Friday, December 21, 2012

Dark Shadows Diary, Episode 55

Episode 55: "Life's Black Inevitabilities"
Sept. 9, 1966

Roger Collins might be the most metaphysical character on DARK SHADOWS.

Yeah, Roger. Not the time-traveling vampire, immortal rogue or black-hearted witch who seems to have existed forever ... Roger. The sherry swilling black sheep of the Collins family has one of the most well-rounded philosophies of any character on the show, and I can't think of any immediate examples of the writers having Roger do something that violates the character's central principle.

Let me 'splain: Roger's return home to Collinwood prior to the start of the series wasn't motivated by desperation. He wasn't looking for a cushy job, free rent of some place to stash his son until the boy was old enough to legally abandon. Instead, Roger's return was prompted by the understanding that the universe operates by strict, dogmatic rules that humanity is unable to change. There's not even a consciousness attached to this system to which was can appeal: the world is what it is and we're unable to change it. Roger knows his place in the world is as meaningless as anyone else's, but has committed to the track that he's on. It's as good as any other.

His backstory suggests this wasn't always the case for Roger. But, a crazy wife, a crazier son and a moment when honor demanded he betray his best friend eventually impressed upon him that there was no escaping the horrible Rube Goldberg Contraption that is life. More to the point, there's no escaping Collinwood. He might need the occasional snifter of liquid courage before dealing with his sister, but that's only to help steel himself from life's black inevitabilities.

So, when Sheriff George Patterson arrives at Collinwood and tells him that Bill Malloy is dead, he's justifiably confused when he learns that no arrests are planned. It's not that he believes the guilty party should be arrested, but somebody should charged because that's just how shit works. Guilt is entirely beside the point. It's this kind of conviction (no pun intended) that has put him at odds with Burke Devlin since the start of the show. He knows he didn't kill Malloy, but doesn't believe he won't be charged for it, anyway.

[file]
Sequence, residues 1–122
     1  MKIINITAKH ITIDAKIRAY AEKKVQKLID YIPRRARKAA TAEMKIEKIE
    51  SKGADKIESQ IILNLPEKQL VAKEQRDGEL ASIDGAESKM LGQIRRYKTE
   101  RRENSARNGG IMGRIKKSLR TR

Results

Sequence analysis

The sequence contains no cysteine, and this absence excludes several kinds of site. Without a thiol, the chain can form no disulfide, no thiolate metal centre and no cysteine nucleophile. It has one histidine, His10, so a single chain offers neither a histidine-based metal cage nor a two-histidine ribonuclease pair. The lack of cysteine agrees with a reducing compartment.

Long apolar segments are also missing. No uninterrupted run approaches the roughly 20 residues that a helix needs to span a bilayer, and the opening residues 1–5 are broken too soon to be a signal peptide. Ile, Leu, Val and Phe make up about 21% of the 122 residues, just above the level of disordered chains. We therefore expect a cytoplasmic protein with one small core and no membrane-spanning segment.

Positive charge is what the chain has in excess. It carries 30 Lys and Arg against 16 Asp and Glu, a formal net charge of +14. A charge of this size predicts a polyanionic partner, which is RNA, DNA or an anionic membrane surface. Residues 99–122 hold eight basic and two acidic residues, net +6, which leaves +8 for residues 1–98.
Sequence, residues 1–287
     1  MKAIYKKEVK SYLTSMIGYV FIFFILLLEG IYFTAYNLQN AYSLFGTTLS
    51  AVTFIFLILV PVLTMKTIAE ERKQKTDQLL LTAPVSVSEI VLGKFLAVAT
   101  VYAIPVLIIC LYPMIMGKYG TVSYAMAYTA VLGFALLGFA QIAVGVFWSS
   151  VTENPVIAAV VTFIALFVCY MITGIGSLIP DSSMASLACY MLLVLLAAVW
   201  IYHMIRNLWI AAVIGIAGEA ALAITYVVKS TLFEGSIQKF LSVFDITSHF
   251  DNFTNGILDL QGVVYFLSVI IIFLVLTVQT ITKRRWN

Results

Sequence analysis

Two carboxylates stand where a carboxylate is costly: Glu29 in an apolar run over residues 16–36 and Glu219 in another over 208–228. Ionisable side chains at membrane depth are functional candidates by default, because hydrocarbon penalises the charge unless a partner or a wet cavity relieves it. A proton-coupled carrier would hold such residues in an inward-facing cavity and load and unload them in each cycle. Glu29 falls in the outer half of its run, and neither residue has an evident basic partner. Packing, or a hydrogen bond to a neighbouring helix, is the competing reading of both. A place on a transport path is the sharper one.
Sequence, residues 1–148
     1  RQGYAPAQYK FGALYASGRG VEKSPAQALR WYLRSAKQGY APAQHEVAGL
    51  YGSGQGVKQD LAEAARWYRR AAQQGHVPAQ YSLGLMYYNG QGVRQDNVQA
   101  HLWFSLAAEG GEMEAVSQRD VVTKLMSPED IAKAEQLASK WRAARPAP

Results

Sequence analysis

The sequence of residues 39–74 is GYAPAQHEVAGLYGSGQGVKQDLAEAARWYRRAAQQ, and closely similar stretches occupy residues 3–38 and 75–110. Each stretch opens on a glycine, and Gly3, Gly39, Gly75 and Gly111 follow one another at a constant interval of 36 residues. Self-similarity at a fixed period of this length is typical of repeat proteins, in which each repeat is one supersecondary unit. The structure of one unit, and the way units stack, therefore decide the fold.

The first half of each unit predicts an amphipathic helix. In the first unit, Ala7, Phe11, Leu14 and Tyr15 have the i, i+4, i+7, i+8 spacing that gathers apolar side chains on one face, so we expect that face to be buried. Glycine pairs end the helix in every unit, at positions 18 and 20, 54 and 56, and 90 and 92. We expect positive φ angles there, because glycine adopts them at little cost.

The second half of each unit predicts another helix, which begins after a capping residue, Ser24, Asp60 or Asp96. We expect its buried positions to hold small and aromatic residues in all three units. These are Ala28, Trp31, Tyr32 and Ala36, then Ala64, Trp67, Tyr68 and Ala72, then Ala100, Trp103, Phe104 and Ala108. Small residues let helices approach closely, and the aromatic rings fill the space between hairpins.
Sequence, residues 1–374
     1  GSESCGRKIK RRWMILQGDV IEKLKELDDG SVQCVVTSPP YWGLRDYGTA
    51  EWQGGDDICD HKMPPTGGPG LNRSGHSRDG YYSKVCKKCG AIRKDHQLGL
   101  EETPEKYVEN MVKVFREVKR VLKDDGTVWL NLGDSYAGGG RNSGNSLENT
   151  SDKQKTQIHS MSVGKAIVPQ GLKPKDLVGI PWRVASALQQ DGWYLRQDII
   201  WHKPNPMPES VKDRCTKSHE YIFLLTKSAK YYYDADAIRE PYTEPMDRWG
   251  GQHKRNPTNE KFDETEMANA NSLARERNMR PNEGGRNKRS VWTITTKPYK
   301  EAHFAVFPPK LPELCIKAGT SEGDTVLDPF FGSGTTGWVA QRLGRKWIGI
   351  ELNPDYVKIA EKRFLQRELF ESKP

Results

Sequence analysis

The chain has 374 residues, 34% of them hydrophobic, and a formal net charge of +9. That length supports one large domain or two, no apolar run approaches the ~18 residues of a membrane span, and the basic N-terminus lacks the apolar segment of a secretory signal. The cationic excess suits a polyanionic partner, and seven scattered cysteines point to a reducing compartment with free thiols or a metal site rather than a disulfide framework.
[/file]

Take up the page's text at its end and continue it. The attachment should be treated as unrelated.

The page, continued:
That doesn't mean he wants to go to prison, and he fights (kinda stupidly, really) to keep Patterson from looking for Malloy's body and having an autopsy performed on it. The faster the whole thing is done, the less likely he'll be fitted for prison stripes. He especially likes Patterson's proposal that Malloy might have committed suicide.

Liz, on the other hand, isn't so sure about anything Roger said. "How much of what you told him was true?" she asks her brother a split second after the sheriff's leaves.

Meanwhile, Sam Evans is starting to regret writing his Get Into Jail Card that confesses his role in Devlin's railroading. He tries to get Maggie to return it to him, but she's not stupid. Maggie is probably a better avatar for the show's audience than Victoria, and if there's anything we like more than a mystery, it's learning the solution to said mystery. While there's genuine concern for her father's latest alcohol, caffeine and tobacco binge, she suspects she's in possession of the final few pages in the mystery novel the whole town is talking about. And she's running out of reasons not to take a peek and see how things end.

Sam is doing his usual "I'm not looking suspicious by trying not to look suspicious, am I?" thing at the restaurant when Patterson arrives. There's something of a performer in Sam, who brings his sketchiest A-game when he sees the sheriff, and gets twitchier than Peter Lorre with a pocket full of letters of transit. Luckily for him, the sheriff has other things on his mind. The Coast Guard has found Bill Malloy. Dead.

I'm beginning to lose track of how often we've been given the news that Malloy is dead.

1 comment:

Melissa said...

"More to the point, there's no escaping Collinwood."

Not for Roger or anyone else. That house will never let you go if it thinks you belong to it. Willie Loomis probably could have walked away if the house didn't think he resembled Carl Collins.

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